It seems that history always is re-writing itself. The race and gender of a historian will influence their point of view found in their works. A historic event cannot always be paralleled with a person's own experience that happened during the time. History is being taught to children all over the world. The thing that separates our history from other countries is the way it is being told. Our perspective as the United States is much different than other countries in the world. Because of cultural bias, historical events being compared against relevant personal experience, and the way in which history is taught, history has become biased.
Cultural bias is unavoidable. When an event happens, everybody will have their own point of view. For example, if a particular author is writing about the race riots, the authors own race will play an important part in what is written. It is important to consider things like race and gender when reading history. Elliott J. Gorn, a historian who has published many works on the authenticity of history says that "Historiography teaches us that all interpretation is limited by the cultural biases of our times, the skills of the individual historian, the limits of primary sources, the perspectives and blindnesses created by a scholars social position (yes, race, class, and gender, among other factors.)." .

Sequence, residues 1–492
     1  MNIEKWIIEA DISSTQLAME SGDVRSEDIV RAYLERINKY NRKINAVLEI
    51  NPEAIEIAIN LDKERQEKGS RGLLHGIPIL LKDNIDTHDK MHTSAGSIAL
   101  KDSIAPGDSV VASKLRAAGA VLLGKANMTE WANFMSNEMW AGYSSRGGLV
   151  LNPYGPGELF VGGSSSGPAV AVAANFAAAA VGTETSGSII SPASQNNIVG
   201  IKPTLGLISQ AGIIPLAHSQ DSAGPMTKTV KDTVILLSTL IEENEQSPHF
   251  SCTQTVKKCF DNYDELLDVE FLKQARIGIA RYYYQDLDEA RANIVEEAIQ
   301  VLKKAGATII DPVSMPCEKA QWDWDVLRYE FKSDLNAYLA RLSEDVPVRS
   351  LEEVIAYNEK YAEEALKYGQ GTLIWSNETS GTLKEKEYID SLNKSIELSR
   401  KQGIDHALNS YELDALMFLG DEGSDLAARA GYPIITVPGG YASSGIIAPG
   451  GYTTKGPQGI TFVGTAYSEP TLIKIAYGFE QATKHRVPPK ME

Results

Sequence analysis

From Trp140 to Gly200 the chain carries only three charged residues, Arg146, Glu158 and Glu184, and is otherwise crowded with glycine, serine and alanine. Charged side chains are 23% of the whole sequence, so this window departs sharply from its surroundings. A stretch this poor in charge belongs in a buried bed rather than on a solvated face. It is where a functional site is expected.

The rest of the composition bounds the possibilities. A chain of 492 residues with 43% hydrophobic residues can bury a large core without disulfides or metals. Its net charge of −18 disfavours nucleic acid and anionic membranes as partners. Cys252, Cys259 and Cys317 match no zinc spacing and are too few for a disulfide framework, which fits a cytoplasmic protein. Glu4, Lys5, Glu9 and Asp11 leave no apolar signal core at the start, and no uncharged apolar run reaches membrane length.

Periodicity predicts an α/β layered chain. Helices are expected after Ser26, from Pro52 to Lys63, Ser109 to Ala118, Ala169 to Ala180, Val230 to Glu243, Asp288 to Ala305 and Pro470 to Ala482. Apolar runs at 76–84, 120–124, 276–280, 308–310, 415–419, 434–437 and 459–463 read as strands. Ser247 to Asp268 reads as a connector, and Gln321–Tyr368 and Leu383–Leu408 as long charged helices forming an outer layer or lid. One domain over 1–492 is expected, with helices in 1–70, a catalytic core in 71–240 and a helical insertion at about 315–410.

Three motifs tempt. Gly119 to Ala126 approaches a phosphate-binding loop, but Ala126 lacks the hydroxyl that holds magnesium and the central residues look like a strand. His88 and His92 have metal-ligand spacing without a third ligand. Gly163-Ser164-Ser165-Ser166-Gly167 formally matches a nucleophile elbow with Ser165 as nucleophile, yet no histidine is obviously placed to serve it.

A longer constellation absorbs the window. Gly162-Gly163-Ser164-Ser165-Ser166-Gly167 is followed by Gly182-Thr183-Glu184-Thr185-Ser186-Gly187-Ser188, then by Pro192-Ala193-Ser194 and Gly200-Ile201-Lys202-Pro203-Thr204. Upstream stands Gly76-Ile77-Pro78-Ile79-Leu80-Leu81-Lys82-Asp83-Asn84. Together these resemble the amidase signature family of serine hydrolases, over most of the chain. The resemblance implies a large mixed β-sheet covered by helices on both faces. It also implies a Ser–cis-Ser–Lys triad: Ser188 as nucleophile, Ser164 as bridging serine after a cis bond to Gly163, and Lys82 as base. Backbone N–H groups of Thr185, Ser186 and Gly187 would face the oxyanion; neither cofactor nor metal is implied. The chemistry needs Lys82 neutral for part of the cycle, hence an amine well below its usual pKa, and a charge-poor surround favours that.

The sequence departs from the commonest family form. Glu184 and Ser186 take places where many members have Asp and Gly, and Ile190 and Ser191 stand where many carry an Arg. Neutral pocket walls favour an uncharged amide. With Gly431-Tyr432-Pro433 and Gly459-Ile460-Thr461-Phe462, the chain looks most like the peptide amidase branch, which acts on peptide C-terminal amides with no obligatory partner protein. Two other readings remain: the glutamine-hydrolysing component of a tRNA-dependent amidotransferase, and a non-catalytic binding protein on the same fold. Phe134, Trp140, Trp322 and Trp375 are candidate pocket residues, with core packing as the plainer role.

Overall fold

Children begin learning history at a very young age. They learn about the Indians and pilgrims, and of course, they learn all about the Boston Tea Party. With the information that is in textbooks, it is difficult to say that what is being written is 100% truth. Gorn writes, "Sometimes it reveals less about "what happened" than about what we want to believe happened." For example, to describe the early days of settling the West, Gorn points out how we use phrases like "brave men of vision settled the west" in order to create our "great nation.